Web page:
Ruby has held its place as one of the most prized stones in existence, second only to diamond, since their discovery. The fierce red colour which incites passion, love and strength has mesmerised people throughout time and across the globe. It is a historically significant stone, having been mentioned four times in the Bible in association with attributes such as beauty and wisdom. To this day, the allure of Rubys features in popular culture, for example lining Dorothy’s shoes.
The word ruby comes from ‘ruber’, Latin for red, and is the blood-coloured cousin of Sapphire, both stones belonging to the corundum family. Many legends and stories have been associated to this stone throughout history. In the middle ages, Rubys were thought of as a stone of prophecy. It was believed that the stone darkened when danger was near. The Hindus, who named the stone ‘the king of precious stones’ divided Rubys into four castes and avoided Rubys of different castes being in contact for fear of contamination. In Burma, a Ruby source since 600AD, it was believed that rubies made warriors invincible in battle. However, just owning the Ruby was not enough, instead, the ruby had to be inserted into the flesh for the ruby in order to benefit from its powers. The Indians had a different take on the stone, believing that an owner of a ruby would live in peace with their enemies. Closer to home, Rubys became one of the most desirable gems of European royalty and the upper classes. Medieval Europeans believed that wearing Rubys would guarantee health, wealth, wisdom and love.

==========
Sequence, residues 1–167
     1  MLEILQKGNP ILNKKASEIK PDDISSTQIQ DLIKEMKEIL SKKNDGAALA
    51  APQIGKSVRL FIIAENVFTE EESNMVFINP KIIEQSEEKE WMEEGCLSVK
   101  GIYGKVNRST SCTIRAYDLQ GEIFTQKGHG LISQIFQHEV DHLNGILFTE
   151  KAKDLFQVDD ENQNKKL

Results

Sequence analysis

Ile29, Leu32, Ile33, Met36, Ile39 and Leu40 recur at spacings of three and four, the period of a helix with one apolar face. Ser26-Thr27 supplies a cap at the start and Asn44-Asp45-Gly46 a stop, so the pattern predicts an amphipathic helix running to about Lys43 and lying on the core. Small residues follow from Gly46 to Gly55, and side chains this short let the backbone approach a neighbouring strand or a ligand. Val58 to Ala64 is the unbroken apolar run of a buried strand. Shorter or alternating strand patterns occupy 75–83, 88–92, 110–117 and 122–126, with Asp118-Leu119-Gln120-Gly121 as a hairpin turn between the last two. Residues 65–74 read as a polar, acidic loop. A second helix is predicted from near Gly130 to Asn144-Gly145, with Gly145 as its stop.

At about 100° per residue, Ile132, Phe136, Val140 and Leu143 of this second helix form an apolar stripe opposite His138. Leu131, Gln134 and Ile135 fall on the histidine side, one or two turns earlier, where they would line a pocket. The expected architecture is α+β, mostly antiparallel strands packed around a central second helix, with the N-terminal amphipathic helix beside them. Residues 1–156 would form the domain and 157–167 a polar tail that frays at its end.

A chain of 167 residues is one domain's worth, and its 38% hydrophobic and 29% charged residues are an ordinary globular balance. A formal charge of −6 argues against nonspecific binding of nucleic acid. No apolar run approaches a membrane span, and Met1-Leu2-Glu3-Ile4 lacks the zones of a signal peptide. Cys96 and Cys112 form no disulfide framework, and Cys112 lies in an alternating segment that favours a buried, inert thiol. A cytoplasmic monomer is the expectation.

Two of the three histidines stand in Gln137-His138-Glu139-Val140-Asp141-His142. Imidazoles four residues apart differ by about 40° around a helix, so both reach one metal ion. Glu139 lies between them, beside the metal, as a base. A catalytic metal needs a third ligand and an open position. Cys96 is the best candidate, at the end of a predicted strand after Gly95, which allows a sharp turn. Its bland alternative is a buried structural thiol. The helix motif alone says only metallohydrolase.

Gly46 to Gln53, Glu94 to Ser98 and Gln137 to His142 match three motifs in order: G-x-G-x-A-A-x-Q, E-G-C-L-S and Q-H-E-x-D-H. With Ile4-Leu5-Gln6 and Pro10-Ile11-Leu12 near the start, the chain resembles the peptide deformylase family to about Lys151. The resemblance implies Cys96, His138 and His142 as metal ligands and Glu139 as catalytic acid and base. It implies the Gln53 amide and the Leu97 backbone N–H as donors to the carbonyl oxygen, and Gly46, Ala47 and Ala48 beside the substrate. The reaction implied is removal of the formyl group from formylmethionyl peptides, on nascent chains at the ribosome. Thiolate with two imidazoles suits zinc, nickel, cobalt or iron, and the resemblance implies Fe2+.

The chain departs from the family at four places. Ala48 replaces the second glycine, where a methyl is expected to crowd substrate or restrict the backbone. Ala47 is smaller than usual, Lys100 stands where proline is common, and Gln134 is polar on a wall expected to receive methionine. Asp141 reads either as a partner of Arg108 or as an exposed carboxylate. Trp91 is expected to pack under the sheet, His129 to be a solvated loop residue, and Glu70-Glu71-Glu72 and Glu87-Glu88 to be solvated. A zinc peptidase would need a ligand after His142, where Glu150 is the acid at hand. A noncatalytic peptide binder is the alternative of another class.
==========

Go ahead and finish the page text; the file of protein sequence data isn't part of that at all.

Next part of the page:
The great Ruby symbolises the sun, which is perhaps why we find ourselves so attracted to its glowing hue. It is associated to the heart chakra, as a stone of love, and it actively stimulates the root chakra and has many benefits to the physical body, stimulating vitality, sensuality and balance. Nowadays, Rubys are seen as the perfect gift on Valentines day, although in the past they have been used in wedding rings. Ruby is a gemstone of the 15th and 40th wedding anniversaries.